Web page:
Given that man has the right of self-ownership, and that he must employ natural objects for his survival, then the sculptor has the right to own the product he has made through the mixing of his labour. In other words, by producing something with one’s energy through the utilization of unowned nature, one has, as Rothbard calls it, “placed the stamp of his person upon the raw material”. One therefore rightfully owns the product. Any violation of self-ownership and property rights should hence be regarded as an act of aggression.
The state is nonetheless a social institution that has historically interfered most often with people’s self-ownership and property rights. Max Weber has recognized it as an institution with a territorial monopoly of compulsion in his essay ‘Politics as a Vocation’ (1919). Hoppe, in Democracy – the God that failed (2001), asserts that every government will use this monopoly to exploit its citizens in order to increase its wealth and income.
“Hence every government should be expected to have an inherent tendency toward growth”. (Hoppe)
State exploitation happens in the form of expropriation, taxation, and regulation of private property owners. A state at best respects the rights of individual sovereignty and private property, but because its functioning is dependent on the expropriation of its citizens’ wealth there is a natural conflict between the state and its citizens. According to Franz Oppenheimer (1908), the state can impossibly finance itself without its productive citizens. It can only take that what has already been produced, and therefore it can only exist as a result of the “economic means”. However, this confiscation often involves state violence and aggression as nearly no one is willing to give up on his property voluntarily.
Under such circumstances, it is understandable that conflicts may arise between citizens and the state; sometimes resulting in citizens’ feelings of dissociation from their governments.
Frédérik Bastiat maintains in The Law (1850) that if everyone has the right to “his person, his liberty, and his property”, then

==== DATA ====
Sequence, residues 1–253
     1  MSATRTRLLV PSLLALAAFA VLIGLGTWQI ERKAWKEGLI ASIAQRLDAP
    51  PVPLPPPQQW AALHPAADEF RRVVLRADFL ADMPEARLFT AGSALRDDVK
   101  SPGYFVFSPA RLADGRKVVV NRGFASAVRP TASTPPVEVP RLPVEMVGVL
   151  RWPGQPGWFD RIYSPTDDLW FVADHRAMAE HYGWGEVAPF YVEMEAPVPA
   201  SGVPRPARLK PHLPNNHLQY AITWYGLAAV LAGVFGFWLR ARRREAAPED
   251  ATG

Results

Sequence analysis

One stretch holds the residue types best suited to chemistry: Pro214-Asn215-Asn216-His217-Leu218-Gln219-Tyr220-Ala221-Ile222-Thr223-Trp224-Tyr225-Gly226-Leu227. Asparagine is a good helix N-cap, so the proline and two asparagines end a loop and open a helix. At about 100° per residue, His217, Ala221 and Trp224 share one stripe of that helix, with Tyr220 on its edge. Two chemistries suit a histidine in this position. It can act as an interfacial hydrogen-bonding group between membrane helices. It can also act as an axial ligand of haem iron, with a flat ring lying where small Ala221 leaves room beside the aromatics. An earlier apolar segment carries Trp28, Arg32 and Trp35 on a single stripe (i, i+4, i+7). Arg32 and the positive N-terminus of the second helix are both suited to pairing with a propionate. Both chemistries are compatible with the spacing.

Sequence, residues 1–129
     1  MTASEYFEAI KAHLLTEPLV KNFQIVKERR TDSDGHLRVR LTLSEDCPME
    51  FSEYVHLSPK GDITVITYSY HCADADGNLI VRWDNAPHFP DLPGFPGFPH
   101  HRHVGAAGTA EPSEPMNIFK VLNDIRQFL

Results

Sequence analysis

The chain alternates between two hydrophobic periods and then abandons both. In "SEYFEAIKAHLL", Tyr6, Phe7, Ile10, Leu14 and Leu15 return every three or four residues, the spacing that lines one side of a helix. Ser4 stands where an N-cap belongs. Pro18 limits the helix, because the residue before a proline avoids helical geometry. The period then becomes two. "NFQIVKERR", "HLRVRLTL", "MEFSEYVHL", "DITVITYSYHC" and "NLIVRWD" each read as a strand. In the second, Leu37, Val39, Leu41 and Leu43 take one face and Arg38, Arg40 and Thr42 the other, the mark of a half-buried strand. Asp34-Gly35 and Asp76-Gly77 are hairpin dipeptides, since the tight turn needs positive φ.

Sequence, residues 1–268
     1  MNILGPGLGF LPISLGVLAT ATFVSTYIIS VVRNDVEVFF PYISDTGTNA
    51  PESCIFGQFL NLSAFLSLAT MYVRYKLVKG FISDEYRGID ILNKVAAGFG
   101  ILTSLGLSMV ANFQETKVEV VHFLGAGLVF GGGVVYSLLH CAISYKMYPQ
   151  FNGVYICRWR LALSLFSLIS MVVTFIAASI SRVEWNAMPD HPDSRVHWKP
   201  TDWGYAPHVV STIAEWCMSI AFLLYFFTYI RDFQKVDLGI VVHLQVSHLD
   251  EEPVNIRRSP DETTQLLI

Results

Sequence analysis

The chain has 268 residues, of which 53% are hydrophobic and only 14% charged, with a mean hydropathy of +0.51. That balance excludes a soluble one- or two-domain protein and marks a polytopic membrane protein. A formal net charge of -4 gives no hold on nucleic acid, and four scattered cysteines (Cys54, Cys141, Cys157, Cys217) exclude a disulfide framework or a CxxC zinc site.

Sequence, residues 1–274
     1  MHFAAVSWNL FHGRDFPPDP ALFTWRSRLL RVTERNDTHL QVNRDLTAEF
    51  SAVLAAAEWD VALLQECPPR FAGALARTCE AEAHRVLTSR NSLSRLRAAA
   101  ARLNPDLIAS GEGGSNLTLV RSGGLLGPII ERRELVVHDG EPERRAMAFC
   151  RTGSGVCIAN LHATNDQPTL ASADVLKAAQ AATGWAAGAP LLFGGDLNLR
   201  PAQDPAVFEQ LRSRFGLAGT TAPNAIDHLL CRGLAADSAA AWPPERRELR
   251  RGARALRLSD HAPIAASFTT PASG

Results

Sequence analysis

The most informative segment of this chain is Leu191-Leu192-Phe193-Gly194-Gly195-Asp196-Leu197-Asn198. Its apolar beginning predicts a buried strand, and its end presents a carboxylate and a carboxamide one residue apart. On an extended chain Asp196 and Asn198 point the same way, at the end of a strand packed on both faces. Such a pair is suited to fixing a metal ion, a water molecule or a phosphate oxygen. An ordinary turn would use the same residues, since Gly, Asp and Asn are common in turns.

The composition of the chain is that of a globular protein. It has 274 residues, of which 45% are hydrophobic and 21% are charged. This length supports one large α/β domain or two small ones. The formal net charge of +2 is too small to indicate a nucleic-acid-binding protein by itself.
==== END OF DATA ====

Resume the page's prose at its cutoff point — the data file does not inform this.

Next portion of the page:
“a number of men have the right to combine together to extend, to organize a common force to provide regularly for this defense.”
Following Bastiat’s reasoning, I believe that citizens who feel dissociated can then revolt and opt for secession as a form of self-defense against state aggression on their self-ownership and property. Any state that does not recognize its citizens’ rights of secession does not sufficiently recognize the sovereignty of its people. Secession is a powerful means of political action to show the people’s discontent with their leaders. If secession would be impermissible, then the people who want to disassociate themselves from the state have the following three options:
(1) continue living under the oppressive state rule;
or (2) revolt against the state;
or (3) emigrate to another state.
By doing (1), the people continue living under perpetual state aggression, and their sovereignty is continually violated.
If the people choose option (2), then there will be severe and costly consequences which can involve war and destruction of private property. In addition, there are also no guarantees that the revolt against the state will be successful. For these two reasons, this option seems to most secessionists to be the least preferable of the three.
The people can alternatively choose (3) and emigrate to another state. This alternative is often used as an argument against secession under the presumption that those who are unhappy within one particular state, should simply emigrate. However, the cost of emigration can be so significantly high that it is unfeasible. One has for example the costs of finding information on the procedure of emigration, becoming accepted by the other state, finding a new workplace etc… The state can also exert barriers of emigration through tedious bureaucratic processes and passport controls, which makes emigration even more unattractive.